We receive many calls and comments asking how to use whole life insurance as collateral for a loan. If this interests you, keep reading.

If you want to start a business or borrow money for another purpose, you could get help from an unexpected source: your life insurance policy.

When it comes to taking out a loan using your life insurance policy as collateral, it’s important to understand the difference between borrowing money from your policy and using your policy as collateral for a loan.

Borrowing money from your life insurance policy is an option if you have a permanent life insurance policy, such as whole life insurance, that has an accumulated cash value.

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If you’re considering taking out a life insurance loan, there are some potential risks to be aware of. If you don’t repay the loan, it will reduce the death benefit paid to your beneficiaries. Additionally, if you use the cash value of the policy to offset your premium costs, higher premiums may result if you don’t repay the loan.

If the death benefit of your whole life policy is not the primary focus of the policy, then by all means, take advantage of your cash value account as collateral for a loan rather than putting up other assets that you cannot afford to forfeit.

 

How to Borrow Against Your Whole Life Insurance Policy

 

The best part of your whole life insurance policy is the cash component built into the policy. The cash in your policy is the result of premiums that are diverted into your cash account.

This premium accumulates over time and grows as the result of guaranteed interest credited to your cash account along with the annual dividends paid by the insurer. Your policy must be a participating policy in order to earn dividends from the insurer.

The bottom line is that these funds are available to you whenever you want to use them as collateral for loans from the insurer or to be assigned as collateral to a third-party lender.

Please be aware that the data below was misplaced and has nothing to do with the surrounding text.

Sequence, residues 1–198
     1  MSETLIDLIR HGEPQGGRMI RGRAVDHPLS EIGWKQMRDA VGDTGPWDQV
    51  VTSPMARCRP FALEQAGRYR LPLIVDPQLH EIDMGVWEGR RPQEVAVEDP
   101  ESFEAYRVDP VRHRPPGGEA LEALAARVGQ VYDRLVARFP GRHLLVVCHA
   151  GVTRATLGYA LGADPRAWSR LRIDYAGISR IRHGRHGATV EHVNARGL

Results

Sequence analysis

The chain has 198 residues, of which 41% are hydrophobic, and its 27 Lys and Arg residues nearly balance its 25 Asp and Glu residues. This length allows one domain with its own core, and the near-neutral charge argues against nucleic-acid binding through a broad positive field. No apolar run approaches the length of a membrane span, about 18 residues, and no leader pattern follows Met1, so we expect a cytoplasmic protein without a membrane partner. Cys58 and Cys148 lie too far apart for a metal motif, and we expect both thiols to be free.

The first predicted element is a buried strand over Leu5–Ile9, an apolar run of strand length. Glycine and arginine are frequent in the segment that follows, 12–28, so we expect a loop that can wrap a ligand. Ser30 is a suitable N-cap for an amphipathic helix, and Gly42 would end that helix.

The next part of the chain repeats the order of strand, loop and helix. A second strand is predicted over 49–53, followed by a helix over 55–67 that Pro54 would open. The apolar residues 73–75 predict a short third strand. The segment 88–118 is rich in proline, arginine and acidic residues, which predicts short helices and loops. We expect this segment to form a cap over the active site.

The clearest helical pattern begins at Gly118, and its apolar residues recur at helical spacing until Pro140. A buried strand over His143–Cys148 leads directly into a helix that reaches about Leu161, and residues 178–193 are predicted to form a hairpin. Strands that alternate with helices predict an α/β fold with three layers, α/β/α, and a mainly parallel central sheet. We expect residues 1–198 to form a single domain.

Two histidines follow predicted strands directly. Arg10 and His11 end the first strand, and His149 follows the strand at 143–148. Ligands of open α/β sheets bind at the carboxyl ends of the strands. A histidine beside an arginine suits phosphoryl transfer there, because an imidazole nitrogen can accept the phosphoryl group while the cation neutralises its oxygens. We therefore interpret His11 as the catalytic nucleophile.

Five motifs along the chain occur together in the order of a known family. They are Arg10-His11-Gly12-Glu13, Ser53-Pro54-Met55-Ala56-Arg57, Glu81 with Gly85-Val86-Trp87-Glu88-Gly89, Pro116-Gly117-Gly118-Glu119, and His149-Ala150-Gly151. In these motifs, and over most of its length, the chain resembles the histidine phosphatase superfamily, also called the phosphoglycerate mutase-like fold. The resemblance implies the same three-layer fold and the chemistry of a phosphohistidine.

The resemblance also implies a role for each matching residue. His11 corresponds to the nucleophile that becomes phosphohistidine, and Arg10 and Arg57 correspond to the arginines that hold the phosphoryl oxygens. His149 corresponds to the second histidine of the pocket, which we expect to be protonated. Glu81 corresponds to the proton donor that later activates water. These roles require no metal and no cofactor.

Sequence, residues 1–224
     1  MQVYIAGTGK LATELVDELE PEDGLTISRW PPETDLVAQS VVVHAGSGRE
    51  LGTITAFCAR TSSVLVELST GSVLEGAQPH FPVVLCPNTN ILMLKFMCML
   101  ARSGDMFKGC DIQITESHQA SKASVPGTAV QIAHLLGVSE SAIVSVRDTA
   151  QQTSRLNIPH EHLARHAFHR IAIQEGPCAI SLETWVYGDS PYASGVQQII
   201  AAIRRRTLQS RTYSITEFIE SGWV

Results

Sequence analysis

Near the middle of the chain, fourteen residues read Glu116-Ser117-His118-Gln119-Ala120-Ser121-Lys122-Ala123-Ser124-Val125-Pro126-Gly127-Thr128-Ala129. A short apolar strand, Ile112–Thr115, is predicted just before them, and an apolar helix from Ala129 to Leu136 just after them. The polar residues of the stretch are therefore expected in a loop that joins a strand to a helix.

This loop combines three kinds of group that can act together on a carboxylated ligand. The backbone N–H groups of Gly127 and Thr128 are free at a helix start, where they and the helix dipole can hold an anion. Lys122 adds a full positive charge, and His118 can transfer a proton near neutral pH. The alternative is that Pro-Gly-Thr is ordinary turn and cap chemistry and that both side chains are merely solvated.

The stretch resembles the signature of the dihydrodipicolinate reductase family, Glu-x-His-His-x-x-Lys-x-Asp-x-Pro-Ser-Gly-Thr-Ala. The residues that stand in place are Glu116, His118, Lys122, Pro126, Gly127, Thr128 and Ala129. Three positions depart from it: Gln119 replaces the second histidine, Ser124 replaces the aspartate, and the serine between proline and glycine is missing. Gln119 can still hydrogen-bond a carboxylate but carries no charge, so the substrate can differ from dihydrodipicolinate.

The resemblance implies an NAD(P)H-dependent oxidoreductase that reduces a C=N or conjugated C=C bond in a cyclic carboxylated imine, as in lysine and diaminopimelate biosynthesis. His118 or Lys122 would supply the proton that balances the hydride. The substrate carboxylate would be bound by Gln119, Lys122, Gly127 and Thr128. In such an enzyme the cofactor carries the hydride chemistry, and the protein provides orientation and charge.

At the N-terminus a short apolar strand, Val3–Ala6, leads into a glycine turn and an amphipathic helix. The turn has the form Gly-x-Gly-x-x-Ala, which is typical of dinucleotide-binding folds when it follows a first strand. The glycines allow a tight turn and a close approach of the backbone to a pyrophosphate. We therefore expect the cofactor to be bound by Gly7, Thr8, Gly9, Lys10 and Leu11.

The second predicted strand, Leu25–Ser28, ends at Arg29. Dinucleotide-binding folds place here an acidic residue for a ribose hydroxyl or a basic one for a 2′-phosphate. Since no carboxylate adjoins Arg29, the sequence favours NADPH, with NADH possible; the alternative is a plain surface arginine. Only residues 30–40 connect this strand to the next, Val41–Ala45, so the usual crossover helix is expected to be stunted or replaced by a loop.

Generally, there are four options available to you when borrowing from your whole life insurance:

 

Use Your Cash Account as Collateral for a Loan

If you’re looking for a loan, consider using your life insurance policy as collateral. The cash value of the policy can be used as security for the loan, and the lender knows that if you can’t make the payments, you can always cancel the policy and use the cash value to repay the debt.

Depending on the terms of your life insurance policy, you may have to accumulate a certain amount of money in the cash account before you can borrow against it. If you are unable to repay the loan, the lender may seek repayment from the policy’s cash value, which could reduce the death benefits paid to your beneficiaries.

 

Ask for a Policy Loan

If you’re looking for a way to get cash but don’t want to take out a loan from a bank or other lender, consider using your life insurance policy as collateral. This method is similar to using your home or car as collateral for a loan, except in this case the lender is the insurance company.

The benefit of this arrangement is that you can repay the loan, so your death benefit won’t be reduced and your cash value account will continue to earn interest and dividend payments which will offset the interest the company will charge for the policy loan.

 

Take a Withdrawal from Your Policy’s Cash Value

Some life insurance policies allow you to withdraw cash from the policy, for a fee. You might use this option if you need to make a large purchase and are low on funds. There may be penalties (surrender charges) for early withdrawal of the cash, depending on the terms in your policy.